Written by Ellis Heasley
Noltem – Illusions In The Wake
Atmospheric Black Metal from Connecticut, USA
Releases on October 15, 2021 via Transcending Obscurity Records
It’s taken nearly two full decades for Noltem‘s debut full-length to materialise. Formed in 2003 by Max Johnson, the project soon took a lengthy hiatus with just a single demo to its name before re-emerging in 2015 with the three-track Mannaz EP. Now, more than six years after that, Johnson is back with his Mannaz collaborator John Kerr and bassist Shalin Shah to finally unveil Illusions In The Wake. The long wait seems to have paid off, with this record offering a mature and sophisticated take on a strand of atmospheric black metal which has been pretty popular for a while now.
Even by this school of black metal’s typically more accessible standards, Illusions In The Wake is an especially melodic record. It can be cold and bracing, and there’s definitely a general sense of grandeur, but it rarely gets all that nasty or abrasive. The guitars often shine in particular, with Johnson providing plenty of slower and more thoughtful lead parts in addition to the all-but-requisite soaring tremolos. The album’s second and title track provides a fine example of this – a weighty, progressive offering that seems to journey to a lot of places over a relatively trim seven minutes.
Neither Noltem’s knack for melody nor their general progressive leanings prevent them from being thunderous in their fury when they want to be however. Kerr’s vocals certainly tick a more ferocious box, these sitting a little lower than black metal’s typical icy fry screams without descending into guttural absurdity. There’s also plenty of the usual blast beat and double kick drum work, also handled by Kerr, with prime examples arising in the second half of opener “Figment”, as well as in the pummelling fifth track and firm highlight “Ruse”.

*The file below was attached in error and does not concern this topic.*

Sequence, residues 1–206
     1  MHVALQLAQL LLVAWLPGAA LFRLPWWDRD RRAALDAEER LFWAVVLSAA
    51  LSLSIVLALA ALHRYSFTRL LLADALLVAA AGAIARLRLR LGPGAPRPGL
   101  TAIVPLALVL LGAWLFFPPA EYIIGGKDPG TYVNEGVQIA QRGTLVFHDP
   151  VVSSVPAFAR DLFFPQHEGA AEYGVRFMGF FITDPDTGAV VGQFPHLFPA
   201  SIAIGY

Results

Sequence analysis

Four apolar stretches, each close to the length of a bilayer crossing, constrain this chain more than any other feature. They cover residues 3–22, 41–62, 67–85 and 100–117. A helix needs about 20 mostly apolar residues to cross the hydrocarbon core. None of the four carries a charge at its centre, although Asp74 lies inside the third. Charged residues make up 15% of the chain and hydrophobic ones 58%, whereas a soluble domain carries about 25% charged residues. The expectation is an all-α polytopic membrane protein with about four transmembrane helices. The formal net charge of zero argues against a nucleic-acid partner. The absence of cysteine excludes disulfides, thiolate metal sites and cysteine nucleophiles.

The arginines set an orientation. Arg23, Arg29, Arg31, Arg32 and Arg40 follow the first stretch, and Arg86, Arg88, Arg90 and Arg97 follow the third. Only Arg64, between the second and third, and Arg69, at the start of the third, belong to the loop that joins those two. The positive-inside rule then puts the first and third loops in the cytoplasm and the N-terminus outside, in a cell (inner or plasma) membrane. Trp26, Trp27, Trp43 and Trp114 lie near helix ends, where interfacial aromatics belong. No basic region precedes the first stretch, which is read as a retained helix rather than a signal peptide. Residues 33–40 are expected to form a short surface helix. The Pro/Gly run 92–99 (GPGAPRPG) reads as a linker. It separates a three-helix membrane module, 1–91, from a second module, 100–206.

Helping to prevent Illusions In The Wake from becoming just a wash of atmospheric intensity, the band do make some attempts at dynamic variation on this record. Third track “Beneath The Dreaming Blue” for example starts out more downbeat and shoegazey, with this serving to sharpen the band’s blasting attack when it does arrive. They follow it with the interlude-like “Submerged”, a short piece comprising delicate clean guitars and distant waves and leads. Even the aforementioned “Ruse” finds some respite within its maelstrom, ending on a lengthy passage of clean guitars and proggy synths and pads.
With six tracks spanning just a touch over 40 minutes, Illusions In The Wake is the kind of length all records like this should be. It wraps up just when it needs to, with the grand instrumental closer “On Shores Of Glass” winding down to a reflective few moments of piano and synths. With references in both progressive and atmospheric black metal, it’s not the most original record you’ll hear this year, but the craft and flow is solid throughout. The results are epic and expansive, and a worthy addition to the record collection of anyone who likes their black metal a little less sinister or miserable.